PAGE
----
NCSD2015: Workshop A3

Supporting Diverse Preschool Classrooms

Studies have shown that racially and socioeconomically diverse preschool classrooms offer important cognitive and social benefits for children. Unfortunately, opportunities for integration in early education are limited by the reality that most private preschools are out of reach for low-income families, and most public programs are only accessible to low-income or at-risk children. Where can we find creative solutions to encourage diversity in early education within existing funding structures? What changes to state and federal early childhood programs can better support opportunities for integration? And for preschools that succeed in creating diverse enrollment, what supports are needed to meet the needs of all children and families? This panel will discuss what is needed to encourage the creation and success of racially and socioeconomically integrated preschool classrooms, from both practitioners’ and policymakers’ perspectives.


  • Dee Dee Parker WrightExecutive Director, Jubilee JumpStart
  • Tammy MannGoverning Board Member, National Association for the Education of Young Children
  • Mali JimenezParent, Jubilee JumpStart

Moderated by Halley PotterFellow, The Century Foundation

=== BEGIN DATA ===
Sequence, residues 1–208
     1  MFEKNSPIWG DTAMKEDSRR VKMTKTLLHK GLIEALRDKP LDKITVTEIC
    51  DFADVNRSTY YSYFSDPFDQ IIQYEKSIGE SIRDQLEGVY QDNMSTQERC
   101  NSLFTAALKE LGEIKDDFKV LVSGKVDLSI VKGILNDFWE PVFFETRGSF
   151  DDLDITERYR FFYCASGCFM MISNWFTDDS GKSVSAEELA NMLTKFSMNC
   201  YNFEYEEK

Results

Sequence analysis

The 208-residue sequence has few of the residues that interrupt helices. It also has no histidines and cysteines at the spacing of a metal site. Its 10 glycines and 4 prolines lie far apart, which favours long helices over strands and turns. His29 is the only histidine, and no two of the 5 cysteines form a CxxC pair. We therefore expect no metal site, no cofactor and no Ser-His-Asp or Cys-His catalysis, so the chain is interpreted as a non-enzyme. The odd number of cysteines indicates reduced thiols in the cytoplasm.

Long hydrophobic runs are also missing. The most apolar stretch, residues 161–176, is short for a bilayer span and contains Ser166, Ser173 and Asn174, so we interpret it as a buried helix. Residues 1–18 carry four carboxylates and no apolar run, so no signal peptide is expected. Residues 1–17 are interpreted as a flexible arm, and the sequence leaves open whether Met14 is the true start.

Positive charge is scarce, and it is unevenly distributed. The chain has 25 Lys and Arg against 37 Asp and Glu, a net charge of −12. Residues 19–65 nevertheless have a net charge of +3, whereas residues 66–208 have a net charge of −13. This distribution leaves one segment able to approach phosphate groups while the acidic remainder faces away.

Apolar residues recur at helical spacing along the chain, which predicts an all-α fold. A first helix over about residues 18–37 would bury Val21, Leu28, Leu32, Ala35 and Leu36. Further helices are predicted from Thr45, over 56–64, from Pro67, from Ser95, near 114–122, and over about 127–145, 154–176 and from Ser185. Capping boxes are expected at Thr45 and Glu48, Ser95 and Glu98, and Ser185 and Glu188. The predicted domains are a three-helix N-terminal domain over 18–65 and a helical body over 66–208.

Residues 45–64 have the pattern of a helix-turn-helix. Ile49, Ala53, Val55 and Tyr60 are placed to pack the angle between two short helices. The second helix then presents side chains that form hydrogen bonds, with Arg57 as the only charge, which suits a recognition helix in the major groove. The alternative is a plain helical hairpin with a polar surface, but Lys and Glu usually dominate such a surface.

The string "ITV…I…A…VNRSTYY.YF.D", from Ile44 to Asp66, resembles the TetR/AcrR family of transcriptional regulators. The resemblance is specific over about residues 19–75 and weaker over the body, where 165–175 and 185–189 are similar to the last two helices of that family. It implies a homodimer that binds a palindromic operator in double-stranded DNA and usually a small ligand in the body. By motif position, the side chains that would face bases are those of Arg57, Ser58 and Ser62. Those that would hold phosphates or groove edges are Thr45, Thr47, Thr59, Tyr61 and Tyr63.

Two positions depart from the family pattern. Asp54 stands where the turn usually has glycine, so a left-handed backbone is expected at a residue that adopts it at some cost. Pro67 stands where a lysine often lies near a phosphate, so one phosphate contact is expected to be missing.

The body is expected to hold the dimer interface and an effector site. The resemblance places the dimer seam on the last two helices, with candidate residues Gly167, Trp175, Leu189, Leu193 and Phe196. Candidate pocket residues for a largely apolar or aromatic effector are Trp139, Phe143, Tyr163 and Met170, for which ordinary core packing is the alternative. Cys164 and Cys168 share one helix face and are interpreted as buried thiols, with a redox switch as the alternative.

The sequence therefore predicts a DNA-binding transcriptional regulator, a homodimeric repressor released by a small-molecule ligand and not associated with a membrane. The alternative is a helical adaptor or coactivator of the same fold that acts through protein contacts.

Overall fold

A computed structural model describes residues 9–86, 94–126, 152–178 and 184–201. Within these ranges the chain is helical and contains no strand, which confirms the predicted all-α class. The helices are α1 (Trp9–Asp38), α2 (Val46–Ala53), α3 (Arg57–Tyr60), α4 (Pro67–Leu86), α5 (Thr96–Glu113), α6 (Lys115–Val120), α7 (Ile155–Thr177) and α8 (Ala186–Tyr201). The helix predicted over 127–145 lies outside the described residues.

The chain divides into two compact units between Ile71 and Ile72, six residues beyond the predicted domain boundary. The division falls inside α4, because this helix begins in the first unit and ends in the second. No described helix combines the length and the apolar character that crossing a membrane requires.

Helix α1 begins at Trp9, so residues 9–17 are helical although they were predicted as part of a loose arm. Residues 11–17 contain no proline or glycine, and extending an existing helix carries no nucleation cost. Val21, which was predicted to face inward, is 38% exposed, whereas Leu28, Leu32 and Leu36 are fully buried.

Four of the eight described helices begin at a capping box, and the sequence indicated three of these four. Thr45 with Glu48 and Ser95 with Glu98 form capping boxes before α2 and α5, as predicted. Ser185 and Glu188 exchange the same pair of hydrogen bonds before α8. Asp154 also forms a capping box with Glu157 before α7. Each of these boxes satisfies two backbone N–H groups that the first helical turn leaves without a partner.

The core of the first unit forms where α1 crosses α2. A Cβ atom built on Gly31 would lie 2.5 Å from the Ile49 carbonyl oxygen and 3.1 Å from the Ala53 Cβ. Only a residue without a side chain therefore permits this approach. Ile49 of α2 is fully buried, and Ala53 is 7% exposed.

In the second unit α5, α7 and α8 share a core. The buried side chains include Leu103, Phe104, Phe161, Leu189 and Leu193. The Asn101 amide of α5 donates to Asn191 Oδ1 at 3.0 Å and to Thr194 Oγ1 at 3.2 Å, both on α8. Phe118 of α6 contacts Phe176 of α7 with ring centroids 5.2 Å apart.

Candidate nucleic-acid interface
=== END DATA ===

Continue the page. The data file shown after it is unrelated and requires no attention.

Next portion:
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This workshop began with an overview of the research on diversity in preschool classrooms from Century Foundation fellow Halley Potter. Over the past decade, new research on young children has shown cognitive and social benefits of racially and economically integrated learning environments, echoing decades of research that have found similar results for older children. And yet preschool classrooms remain some of the most segregated learning environments because lower-income and higher-income families rarely have access to the same programs. Some early childhood centers–like Jubilee JumpStart in Washington, D.C.–have developed models to promote integration, however. Dee Dee Wright, the center’s director, and Mali Jimenez, a parent, explained Jubilee JumpStart’s model for diverse enrollment, serving families with childcare subsidies, tuition-paying families, and families enrolling in universal pre-K. Finally, Tammy Mann, a board member at the National Association for the Education of Young Children, discussed what it takes to make diverse early childhood classrooms successful at providing high-quality education for children of all backgrounds. She also highlighted federal policy changes that could increase opportunities for integration, including proposed revisions to Head Start Performance Standards that would require programs to consider whether socioeconomically diverse enrollment (enrolling over-income, tuition-paying families alongside Head Start children) is possible in their area. You can view the presentation here.

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